What to Do If You’re Invited to a Sales Party and You Don’t Want to Buy

Several ladies in my neighborhood have recently gotten involved with direct selling organizations like Pampered Chef, Tupperware, and Usborne Books. As a result, my mailbox overflows with invitations to all of their “parties.” While I’m happy that they’ve found something to bring in some extra money, these invitations are tricky because I’m just not interested in the products they are selling. I feel like I can get better prices and quality through other retailers, plus I’m usually not in the market for any of the stuff they are selling. The question that I’m faced with about once per week these days is: Do I go to the party to be supportive and social even if I don’t intend to buy anything, or do I decline politely?

I’ve decided that the answer is a wishy-washy, “It depends.” It amuses me that many of these invitations come from women I barely know. We may exchange a smile if we pass while out walking, or wave if we pass in our cars, but I’ve never been in their homes or invited to any other parties they have thrown. Suddenly, though, they think of me when putting together an invitation list for a sales party? In these cases I don’t feel at all bad about declining the invitation because I know that my invitation was just a tactic to get a sale, not a gesture of genuine friendship or desire for social interaction. I am a wallet and that’s all.

I’m not mean about it when I decline. I don’t say, “I’m not interested in your stuff,” or, “I know you only want my money, not me.” I just simply say that I cannot attend due to other obligations. It’s usually not even a lie. Some of these women will try to overcome any objection, but I refuse to be drawn into an argument. They may say, “Oh, it’ll be fun,” or “You don’t have to buy anything,” or, “Everyone else from the street will be there,” but I just stick to my, “I have other plans,” story. Of course, you can always offer a simple, “No,” with no other explanation but the determined salesperson will want to know why and will try to break you down.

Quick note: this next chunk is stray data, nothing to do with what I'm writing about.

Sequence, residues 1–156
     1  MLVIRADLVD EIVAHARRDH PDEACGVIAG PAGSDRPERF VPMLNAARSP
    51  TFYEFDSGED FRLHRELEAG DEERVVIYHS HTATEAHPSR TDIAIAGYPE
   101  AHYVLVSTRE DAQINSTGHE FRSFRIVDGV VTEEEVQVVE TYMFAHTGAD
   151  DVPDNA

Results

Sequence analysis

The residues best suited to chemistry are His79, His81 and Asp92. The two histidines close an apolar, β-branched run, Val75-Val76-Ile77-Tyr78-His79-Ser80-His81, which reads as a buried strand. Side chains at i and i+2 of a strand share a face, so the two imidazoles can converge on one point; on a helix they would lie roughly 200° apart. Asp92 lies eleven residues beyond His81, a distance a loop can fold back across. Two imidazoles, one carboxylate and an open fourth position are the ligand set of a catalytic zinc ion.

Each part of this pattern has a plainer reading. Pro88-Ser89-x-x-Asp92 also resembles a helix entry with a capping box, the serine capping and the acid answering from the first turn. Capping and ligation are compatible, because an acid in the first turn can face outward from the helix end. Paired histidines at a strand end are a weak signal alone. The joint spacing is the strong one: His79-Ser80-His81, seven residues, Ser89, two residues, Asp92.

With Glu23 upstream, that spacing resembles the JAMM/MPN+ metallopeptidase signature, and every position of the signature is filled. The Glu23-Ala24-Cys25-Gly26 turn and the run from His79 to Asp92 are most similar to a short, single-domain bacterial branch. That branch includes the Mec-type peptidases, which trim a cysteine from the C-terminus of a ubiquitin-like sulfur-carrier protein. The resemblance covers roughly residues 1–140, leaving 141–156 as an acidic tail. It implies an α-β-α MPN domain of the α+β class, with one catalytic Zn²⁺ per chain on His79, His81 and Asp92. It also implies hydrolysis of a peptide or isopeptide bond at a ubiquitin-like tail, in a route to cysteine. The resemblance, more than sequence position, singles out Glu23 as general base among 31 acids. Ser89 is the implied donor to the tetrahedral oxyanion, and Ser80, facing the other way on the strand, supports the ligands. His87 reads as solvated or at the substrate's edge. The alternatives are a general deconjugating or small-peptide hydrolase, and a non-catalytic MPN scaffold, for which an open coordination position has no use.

It gets tricky when I’m already friendly with the party host. In this case, if I’m very good friends with the person, I might go to be supportive or even offer to help with set up and clean up. I’m friendly enough with these people, though, to be honest with them about my intent to support but not to buy. Genuine friends are usually very happy if I attend, even if I don’t buy anything. For some of my best friends, I may buy something small and give it as a gift to someone else, even if the items don’t interest me personally.

If I’m friendly with the host but not overly so, I might go or I might not. If I feel like the person will be okay with just my attendance, I might make a quick appearance and then slip out. I’ve given some support to the host but I haven’t taken up a lot of the hosts’ time unnecessarily. If I’m not sure how they’ll react if I don’t buy anything, I’ll just decline.

The bottom line is that unless I am very friendly with the host already, I usually offer a polite, “No thanks.” I don’t want to be pressured into buying stuff I don’t need and I don’t want to resent the fact that I’m only there because the person wanted to sell me something. I also think it’s impolite to go and “mooch” off the refreshments and party favors if I already know I don’t want to buy anything.

I’ve decided that, no matter how much these parties are billed as social events, they are really nothing more than a sales pitch. If I’m not interested in what’s being sold, I generally decline, just as I would a salesman in a store who’s trying to sell me something I don’t need. The only exception is in the case of a true friend who values my support more than my wallet.

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9 Responses to What to Do If You’re Invited to a Sales Party and You Don’t Want to Buy